New York City-based writer Sharon Glassman was unhappy with her own health care experiences for some time when her three and a half-year-old Bichon Frisé, bb, began having urinary problems. “When I have a health issue, it’s only made worse by the hurdles I have to jump to see a doctor,” Glassman says. “With bb, we just called the vet and went in and her insurance didn’t question the veterinarian’s opinion that she needed an ultra-sound.”
Glassman wrote a humor piece for her blog comparing bb’s health care to her own, which hit a nerve for readers, many of whom responded with an “I’ve thought that, too.”
Trisha Joyce, DVM at New York City Veterinary Specialists, isn’t surprised. “In studies of public perceptions of certain professions, veterinarians rank pretty high in terms of being liked and trusted,” she says. “I’d say my personal experience backs that up.”
Here’s what doctors who treat people could learn from doctors who treat animals:
Explain Their Recommendations Doctors who treat humans are famously crunched for time. So while they will tell you what you to do, they won’t necessarily slow down to explain the rationale for procedures, let alone the pros and cons of their prescribed treatment. Veterinarians, whose clients are often reluctant to pay the out-of-pocket fees that pet healthcare requires, can’t simply assume that the pet owners will do as they say. “Vets are more in the position of having to ‘sell’ their therapy to the owner,” explains Dr. Joyce. “As a result, this probably makes us take a little more time to explain treatments, make sure the client gets it and is on board with what needs to happen. This may engender more of a team feeling in the owner.”
What to do if your veterinarian doesn’t: Politely slow him or her down and explain that you’re very interested in understanding your pet’s issue and treatment plan. Make eye contact to help illustrate your concern and to keep the conversation focused.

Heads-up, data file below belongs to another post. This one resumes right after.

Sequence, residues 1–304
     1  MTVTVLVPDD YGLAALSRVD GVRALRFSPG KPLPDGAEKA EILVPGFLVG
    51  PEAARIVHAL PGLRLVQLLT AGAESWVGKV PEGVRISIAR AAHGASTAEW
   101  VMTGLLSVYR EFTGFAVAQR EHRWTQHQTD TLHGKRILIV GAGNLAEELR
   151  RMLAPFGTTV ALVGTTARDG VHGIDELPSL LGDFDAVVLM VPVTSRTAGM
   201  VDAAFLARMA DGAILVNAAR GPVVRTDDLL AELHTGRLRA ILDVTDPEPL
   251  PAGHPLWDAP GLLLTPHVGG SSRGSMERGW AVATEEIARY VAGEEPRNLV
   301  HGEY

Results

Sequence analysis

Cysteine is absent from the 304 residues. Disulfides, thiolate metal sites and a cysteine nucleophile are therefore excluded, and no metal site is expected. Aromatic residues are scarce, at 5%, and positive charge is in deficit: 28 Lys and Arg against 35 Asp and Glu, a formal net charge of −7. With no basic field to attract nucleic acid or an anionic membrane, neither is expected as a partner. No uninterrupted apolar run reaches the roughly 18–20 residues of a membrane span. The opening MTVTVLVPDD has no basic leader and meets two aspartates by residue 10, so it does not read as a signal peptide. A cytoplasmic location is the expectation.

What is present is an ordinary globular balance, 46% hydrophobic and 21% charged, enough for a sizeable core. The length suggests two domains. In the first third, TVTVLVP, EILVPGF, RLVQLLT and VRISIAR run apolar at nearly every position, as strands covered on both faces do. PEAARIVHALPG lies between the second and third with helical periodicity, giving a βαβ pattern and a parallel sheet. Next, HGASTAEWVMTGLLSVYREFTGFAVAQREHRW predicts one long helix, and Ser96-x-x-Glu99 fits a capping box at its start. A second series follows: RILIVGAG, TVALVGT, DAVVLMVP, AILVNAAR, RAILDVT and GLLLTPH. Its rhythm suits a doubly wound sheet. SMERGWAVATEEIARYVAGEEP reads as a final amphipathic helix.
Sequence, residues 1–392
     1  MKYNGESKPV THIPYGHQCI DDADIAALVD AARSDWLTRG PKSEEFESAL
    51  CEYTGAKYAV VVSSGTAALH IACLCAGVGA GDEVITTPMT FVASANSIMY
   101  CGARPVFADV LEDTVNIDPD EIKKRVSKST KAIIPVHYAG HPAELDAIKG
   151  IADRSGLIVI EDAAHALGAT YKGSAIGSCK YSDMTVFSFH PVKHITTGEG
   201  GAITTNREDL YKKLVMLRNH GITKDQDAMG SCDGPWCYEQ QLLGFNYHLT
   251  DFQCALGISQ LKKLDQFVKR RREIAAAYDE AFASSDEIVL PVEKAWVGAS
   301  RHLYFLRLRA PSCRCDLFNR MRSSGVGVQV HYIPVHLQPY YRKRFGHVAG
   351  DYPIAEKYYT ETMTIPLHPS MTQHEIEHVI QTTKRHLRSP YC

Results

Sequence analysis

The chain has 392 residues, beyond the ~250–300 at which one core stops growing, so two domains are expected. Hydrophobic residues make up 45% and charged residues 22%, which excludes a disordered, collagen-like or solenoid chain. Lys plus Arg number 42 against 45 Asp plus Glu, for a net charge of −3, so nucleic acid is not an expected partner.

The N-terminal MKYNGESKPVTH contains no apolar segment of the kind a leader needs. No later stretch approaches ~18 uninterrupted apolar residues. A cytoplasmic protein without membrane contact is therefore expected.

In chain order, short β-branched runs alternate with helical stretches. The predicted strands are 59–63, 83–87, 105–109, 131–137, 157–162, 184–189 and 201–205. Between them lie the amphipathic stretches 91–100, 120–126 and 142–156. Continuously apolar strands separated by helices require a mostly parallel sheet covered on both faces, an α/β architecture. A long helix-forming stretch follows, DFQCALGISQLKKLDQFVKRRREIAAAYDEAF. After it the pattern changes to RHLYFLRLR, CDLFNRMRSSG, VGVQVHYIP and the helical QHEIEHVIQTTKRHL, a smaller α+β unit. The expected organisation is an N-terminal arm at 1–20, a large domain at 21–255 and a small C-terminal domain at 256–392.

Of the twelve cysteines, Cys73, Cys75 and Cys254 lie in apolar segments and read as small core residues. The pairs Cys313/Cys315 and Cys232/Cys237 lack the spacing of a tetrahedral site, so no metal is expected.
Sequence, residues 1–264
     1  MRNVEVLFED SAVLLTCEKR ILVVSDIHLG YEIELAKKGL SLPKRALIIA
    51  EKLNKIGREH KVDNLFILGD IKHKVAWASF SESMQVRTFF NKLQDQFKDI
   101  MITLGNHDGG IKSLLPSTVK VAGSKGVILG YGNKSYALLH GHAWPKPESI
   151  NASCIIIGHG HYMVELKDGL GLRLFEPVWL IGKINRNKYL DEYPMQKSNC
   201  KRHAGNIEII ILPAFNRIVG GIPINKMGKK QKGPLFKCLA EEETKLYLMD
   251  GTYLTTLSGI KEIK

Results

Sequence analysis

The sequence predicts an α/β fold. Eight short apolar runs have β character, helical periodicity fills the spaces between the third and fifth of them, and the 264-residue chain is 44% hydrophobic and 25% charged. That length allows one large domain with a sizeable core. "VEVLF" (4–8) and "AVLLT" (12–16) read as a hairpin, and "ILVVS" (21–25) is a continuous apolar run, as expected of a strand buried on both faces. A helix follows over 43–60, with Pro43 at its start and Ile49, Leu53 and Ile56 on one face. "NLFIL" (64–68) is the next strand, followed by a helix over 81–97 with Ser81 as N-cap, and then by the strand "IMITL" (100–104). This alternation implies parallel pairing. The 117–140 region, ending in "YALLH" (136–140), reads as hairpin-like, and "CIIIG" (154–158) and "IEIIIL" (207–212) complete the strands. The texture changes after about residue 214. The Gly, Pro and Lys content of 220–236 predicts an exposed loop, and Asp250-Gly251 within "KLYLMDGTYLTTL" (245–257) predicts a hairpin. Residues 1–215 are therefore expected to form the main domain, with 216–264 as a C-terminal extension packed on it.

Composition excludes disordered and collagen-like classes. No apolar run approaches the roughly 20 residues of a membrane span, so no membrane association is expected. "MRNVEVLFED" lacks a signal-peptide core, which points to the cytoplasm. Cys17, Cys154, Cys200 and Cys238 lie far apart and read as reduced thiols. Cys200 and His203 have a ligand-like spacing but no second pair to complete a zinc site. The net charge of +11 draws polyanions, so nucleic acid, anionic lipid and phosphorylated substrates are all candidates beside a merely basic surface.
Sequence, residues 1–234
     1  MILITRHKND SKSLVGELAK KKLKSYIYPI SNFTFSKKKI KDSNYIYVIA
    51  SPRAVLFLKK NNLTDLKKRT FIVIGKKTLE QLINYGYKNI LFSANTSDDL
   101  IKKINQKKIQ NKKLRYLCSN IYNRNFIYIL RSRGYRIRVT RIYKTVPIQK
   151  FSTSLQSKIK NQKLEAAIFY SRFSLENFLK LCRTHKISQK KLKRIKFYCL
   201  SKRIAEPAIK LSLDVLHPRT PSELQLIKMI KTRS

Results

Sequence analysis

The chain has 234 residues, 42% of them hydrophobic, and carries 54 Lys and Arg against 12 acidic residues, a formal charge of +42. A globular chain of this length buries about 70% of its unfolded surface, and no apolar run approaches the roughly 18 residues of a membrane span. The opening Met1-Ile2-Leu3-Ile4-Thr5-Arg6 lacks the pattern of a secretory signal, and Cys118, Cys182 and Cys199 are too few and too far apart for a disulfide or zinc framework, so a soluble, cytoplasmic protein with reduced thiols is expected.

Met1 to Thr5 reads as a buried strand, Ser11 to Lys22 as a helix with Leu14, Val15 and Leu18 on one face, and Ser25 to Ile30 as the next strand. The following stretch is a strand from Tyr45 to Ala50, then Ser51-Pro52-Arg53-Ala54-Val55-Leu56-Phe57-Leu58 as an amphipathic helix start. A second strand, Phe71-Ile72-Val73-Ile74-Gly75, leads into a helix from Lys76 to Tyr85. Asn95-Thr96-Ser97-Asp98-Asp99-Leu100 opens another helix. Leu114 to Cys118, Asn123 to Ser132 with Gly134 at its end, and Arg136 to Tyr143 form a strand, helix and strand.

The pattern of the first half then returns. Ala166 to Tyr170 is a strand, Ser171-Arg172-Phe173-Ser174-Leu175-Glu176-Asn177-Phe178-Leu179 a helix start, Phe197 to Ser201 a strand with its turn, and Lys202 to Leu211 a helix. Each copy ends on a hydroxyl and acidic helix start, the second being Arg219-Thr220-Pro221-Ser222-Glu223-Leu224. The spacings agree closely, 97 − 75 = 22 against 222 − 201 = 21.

Familiarize Themselves with the Costs of Care Veterinarians know how much each procedure costs. Expenditure on veterinary care is discretionary, which means that veterinarians tend to do a much better job of explaining costs. Dr. Joyce realized this after her own physician failed to mention that while her fee for an outpatient surgery was only $2,000, additional costs, including anesthesia, hospital charges and pathology, hike the procedure cost to $7,000. “Insurance paid for it, but my high deductible meant that my out-of-pocket expense was much more than I’d anticipated. My clients would scream bloody murder if they got a bill that much higher than they’d been told. It’s just something veterinary medicine knows to be careful about.”
What to do if your veterinarian doesn’t: Tell your veterinarian that you’ll need an itemized list of all projected costs before proceeding, including those related to drugs, office visits, overnight hospital stays and aftercare.
Schedule Longer Appointments It’s probably not your doctor’s fault that he or she has to keep your appointment to 10 or 15 minutes (you can blame that one on managed care). However, you may notice that you feel less rushed when you visit your veterinarian, where the appointments generally run 20 minutes, sometimes even 30. “Plus,” adds Dr. Joyce, “we tend to have a more accommodating schedule with evening and Saturday hours. And we’re generally available for phone conversations.” Good luck getting your over-scheduled physician on the phone.
What to do if your veterinarian doesn’t: If you have some extra concerns about your pet’s well-being, schedule an appointment far enough in advance that you can ask the receptionist for five or ten minutes longer than is standard. If it’s in the schedule, you’re likely to get it.
Provide a Patient-Care Advocate When you take your pet to the vet, you are never the patient. This makes it intrinsically easier to keep your wits about you and get the information you need to ensure that you pet is receiving the best care. There is currently a lot of talk in the human health care industry about “patient advocates” — people who work for patients in much the way that you work for your furry friend, listening effectively and making sure that the veterinarian is clear. Glassman thinks this is a fantastic idea. “Having functioned as a patient advocate for bb, and watching how smoothly things go, has confirmed for me that there’s something really positive about that method.”
What to do if you can’t advocate: If you’re too anxious about your pet’s health to be an effective collector of information, bring a coolheaded friend along to do the work.
While your own doctor may be reluctant to take tips from the world of veterinary medicine, you can always hold out hope for what human medicine may eventually come to realize — in some ways, pet health care is a model for how even the tail-less among us would like to be treated.
Darcy Lockman is a freelance writer and frequent contributor to The Dog Daily. Her work has appeared in The New York Times and Rolling Stone. She lives in Brooklyn with the prettiest pug dog in the five boroughs.